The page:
Updated: Feb 28, 2019
When I started Hidden Wiltshire I wanted to find those places off the beaten track. But just recently, I have started to appreciate how within many of these places you can find clues to a hidden past if you have your eyes wide open. All around Wiltshire are relics of its war time past, and this became abundantly clear to me when I did some recent visits to Whaddon and Semington. Credit where credit is due, I must thank John Grech for pointing these things out and helping me bring them to life.
But before we get to the war, a few words about Whaddon. A small village today, at the end of a narrow lane from Hilperton it is nothing more than a few houses surrounded by fields. I approached it on foot, walking along the River Avon from Staverton. The one notable building in Whaddon is St Mary's Church, as the settlement doesn't look large enough to provide a viable congregation. The Church dates back to the 12th Century although its current form was largely constructed in 1879. It still holds regular services, as part of the Canalside Benefice. Whaddon itself has evidence of Iron Age occupation and was mentioned in the Domesday book.
The neighbouring village of Semington is a short trip down the Kennet and Avon Canal from Whaddon, and is quite a bit larger, supporting a primary school and a pub, The Somerset Arms. But there is a wartime connection that links these two places, as they sit on the GHQ Line Blue, a defensive stop line constructed to protect Britain in the event of invasion during World War Two. The Blue Line followed the Kennet and Avon canal, and during my walk I was able to see the following intact structures:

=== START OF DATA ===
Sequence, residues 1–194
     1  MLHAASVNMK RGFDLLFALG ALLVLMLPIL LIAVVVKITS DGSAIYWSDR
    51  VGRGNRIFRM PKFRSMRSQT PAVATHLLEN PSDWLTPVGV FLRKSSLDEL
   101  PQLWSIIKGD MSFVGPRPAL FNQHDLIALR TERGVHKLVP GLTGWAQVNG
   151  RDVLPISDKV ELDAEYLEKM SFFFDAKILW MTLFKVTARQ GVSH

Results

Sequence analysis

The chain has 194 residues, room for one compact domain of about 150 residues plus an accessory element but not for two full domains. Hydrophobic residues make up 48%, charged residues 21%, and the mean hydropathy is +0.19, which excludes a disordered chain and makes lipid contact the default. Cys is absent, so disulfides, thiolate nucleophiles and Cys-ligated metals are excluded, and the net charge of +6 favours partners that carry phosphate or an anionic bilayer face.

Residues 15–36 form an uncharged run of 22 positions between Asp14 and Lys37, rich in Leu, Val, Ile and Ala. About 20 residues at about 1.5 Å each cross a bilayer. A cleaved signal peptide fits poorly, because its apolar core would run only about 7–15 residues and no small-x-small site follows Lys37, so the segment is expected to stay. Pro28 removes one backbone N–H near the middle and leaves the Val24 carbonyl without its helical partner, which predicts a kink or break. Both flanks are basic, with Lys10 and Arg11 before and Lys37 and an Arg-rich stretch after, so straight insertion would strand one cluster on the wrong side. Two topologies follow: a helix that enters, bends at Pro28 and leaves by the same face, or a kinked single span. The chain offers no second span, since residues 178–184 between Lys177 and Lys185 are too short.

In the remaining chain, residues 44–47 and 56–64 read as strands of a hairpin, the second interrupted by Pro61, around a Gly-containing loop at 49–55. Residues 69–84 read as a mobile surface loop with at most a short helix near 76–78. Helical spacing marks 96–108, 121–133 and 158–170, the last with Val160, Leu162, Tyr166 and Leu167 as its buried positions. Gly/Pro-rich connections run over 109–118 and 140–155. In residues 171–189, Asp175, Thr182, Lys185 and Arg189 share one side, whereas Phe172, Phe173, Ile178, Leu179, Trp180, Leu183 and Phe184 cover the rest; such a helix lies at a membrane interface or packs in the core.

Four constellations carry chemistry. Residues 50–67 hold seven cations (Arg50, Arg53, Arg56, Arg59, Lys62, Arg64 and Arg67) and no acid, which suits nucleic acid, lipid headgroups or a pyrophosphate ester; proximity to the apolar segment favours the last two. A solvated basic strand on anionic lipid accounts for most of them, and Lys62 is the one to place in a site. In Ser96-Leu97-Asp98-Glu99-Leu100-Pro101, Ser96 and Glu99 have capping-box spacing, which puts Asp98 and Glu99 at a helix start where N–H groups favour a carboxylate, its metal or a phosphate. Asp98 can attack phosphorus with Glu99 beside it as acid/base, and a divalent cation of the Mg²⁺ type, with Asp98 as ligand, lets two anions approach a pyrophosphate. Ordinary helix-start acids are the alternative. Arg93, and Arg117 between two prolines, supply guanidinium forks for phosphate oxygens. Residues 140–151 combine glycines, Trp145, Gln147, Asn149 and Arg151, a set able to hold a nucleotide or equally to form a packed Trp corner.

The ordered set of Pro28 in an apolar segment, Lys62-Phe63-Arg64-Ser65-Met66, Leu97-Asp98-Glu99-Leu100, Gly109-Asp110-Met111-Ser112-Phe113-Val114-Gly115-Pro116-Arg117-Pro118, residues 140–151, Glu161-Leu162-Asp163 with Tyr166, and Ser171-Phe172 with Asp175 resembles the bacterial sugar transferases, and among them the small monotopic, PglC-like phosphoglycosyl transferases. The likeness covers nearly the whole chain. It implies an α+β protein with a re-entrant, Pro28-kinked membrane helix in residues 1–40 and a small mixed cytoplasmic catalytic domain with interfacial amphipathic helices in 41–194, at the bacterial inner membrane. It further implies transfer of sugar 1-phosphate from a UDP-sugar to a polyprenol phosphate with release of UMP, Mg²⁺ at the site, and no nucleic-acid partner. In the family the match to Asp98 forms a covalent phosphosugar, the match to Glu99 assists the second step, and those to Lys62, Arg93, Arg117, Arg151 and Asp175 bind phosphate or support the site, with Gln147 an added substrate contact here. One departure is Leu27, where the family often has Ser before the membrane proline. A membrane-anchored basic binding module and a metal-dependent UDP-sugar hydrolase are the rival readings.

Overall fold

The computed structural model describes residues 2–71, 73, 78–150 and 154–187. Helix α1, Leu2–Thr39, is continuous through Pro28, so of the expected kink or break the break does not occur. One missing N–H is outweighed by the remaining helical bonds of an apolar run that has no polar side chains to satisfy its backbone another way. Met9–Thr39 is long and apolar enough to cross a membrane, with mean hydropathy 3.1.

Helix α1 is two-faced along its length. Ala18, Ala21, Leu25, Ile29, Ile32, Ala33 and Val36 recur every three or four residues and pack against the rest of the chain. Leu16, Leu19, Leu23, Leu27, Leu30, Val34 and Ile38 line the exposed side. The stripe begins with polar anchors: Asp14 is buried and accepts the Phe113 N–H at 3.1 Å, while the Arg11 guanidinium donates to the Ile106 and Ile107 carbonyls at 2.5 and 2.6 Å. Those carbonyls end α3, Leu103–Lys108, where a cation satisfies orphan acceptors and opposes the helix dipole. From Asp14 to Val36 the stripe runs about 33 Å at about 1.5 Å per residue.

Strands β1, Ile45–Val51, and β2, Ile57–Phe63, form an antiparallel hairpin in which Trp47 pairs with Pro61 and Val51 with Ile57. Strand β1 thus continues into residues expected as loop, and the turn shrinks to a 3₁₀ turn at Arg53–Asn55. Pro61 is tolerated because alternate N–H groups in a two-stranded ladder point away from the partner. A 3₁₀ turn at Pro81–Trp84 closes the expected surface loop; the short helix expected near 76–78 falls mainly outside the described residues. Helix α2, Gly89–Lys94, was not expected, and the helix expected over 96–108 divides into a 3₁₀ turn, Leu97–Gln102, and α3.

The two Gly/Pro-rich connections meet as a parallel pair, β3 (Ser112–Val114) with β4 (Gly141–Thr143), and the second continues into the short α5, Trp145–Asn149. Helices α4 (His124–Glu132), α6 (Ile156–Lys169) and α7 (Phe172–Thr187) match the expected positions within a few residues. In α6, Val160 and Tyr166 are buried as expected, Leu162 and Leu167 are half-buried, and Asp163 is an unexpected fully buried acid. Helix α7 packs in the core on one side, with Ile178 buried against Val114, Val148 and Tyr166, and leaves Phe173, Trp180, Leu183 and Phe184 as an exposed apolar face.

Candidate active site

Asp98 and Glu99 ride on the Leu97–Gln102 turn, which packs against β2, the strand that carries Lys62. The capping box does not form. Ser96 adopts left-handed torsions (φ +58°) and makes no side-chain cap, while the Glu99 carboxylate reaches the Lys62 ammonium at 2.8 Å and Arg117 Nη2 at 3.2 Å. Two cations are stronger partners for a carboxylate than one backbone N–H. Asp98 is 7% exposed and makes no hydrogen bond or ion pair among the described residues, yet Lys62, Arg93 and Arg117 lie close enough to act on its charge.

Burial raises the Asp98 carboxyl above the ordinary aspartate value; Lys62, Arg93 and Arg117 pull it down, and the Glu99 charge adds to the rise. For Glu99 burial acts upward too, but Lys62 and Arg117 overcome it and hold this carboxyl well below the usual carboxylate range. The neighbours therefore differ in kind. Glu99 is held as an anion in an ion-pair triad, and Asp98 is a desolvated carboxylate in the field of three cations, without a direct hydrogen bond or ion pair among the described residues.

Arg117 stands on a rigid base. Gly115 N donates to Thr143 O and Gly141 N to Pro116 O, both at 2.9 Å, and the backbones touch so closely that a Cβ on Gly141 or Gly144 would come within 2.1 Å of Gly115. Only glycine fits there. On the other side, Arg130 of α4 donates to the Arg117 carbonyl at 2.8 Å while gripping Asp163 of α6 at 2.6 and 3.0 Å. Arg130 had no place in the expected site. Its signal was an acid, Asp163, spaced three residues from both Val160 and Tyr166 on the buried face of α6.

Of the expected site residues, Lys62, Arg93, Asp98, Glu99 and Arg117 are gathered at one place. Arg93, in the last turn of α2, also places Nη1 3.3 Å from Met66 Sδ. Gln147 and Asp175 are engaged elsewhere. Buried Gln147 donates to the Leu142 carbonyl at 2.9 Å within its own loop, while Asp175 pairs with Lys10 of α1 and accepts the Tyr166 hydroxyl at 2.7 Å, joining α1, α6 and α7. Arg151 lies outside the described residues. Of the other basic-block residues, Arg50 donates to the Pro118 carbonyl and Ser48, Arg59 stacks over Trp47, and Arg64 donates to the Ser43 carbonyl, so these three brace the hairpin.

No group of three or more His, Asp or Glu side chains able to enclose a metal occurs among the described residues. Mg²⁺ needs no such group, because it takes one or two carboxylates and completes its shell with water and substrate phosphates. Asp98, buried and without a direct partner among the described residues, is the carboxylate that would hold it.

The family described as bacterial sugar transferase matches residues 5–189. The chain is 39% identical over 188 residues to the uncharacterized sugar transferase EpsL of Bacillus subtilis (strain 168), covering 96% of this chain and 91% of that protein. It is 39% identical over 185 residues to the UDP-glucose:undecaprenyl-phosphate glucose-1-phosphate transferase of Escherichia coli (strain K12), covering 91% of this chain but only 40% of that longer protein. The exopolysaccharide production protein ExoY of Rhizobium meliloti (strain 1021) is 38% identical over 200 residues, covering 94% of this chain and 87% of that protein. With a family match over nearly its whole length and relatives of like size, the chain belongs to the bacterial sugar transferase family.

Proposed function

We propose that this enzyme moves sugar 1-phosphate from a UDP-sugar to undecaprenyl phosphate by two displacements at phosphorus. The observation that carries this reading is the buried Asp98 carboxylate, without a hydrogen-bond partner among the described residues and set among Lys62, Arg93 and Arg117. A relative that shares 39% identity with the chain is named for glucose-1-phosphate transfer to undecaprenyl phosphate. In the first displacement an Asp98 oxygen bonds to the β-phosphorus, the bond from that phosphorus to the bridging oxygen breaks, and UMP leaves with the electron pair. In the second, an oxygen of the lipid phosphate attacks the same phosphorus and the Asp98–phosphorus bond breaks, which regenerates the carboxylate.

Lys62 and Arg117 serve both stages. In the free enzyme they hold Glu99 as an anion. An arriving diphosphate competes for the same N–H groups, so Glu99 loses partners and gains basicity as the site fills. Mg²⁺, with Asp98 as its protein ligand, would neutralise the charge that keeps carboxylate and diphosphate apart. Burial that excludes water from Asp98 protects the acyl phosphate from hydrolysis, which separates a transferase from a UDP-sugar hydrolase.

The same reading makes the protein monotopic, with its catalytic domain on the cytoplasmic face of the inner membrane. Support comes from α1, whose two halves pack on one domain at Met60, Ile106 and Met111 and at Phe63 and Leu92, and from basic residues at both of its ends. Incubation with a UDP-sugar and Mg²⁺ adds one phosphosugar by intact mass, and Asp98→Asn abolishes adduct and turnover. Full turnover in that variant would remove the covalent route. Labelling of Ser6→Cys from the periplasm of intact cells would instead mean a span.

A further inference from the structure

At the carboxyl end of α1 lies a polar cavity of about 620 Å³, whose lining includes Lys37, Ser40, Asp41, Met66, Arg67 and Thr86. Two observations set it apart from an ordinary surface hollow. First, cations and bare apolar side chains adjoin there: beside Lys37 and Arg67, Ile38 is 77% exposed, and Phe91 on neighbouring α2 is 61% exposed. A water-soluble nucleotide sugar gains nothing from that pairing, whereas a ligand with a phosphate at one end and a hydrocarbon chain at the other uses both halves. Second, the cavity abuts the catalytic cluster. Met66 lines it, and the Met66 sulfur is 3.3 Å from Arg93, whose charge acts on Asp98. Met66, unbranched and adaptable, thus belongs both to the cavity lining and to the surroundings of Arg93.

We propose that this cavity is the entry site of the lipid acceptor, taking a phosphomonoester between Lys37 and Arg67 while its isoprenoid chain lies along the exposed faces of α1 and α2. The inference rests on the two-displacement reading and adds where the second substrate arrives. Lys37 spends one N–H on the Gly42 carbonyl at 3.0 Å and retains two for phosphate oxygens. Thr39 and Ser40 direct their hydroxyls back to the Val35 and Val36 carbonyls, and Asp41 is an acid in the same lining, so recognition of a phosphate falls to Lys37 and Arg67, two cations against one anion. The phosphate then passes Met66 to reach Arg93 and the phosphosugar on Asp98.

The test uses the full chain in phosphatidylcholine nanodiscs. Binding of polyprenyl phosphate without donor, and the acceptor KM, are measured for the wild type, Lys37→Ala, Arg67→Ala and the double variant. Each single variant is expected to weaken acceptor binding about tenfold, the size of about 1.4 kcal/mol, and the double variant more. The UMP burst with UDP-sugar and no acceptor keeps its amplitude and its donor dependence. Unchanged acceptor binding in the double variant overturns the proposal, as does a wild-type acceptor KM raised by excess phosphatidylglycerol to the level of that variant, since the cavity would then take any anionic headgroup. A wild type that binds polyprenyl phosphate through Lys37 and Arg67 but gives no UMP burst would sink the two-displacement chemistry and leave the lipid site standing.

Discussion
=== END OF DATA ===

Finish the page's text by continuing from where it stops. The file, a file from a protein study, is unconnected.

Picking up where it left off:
Whaddon Lane: an anti tank block (picture below taken by John Grech)
The River Avon behind Whaddon: Four intact pillboxes in fields, following the line of the river. The one by Pack Horse Bridge is easily accessible and you can go inside (pictures below taken by Glyn Coy)
Semington: an intact pillbox in a field behind Pound Lane. Four anti tank cylinders in the field next to the swing bridge on the canal. The remains of a vertical rail defence on Pound Lane (pictures below taken by John Grech)
In the words of Hidden Wiltshire follower John Grech: Semington and Whaddon was designated an anti-tank island in the last war. It was meant to be a tank killing ground if the Germans had invaded. There are loads of remaining defences still in situ there.
One last discovery from the River Avon behind Whaddon, is the Pack Horse Bridge. If you take the path behind the Church down to the River, you will find this wonderfully narrow bridge which is almost 300 years old. The public footpath goes right across it, and it is a delightful hidden gem.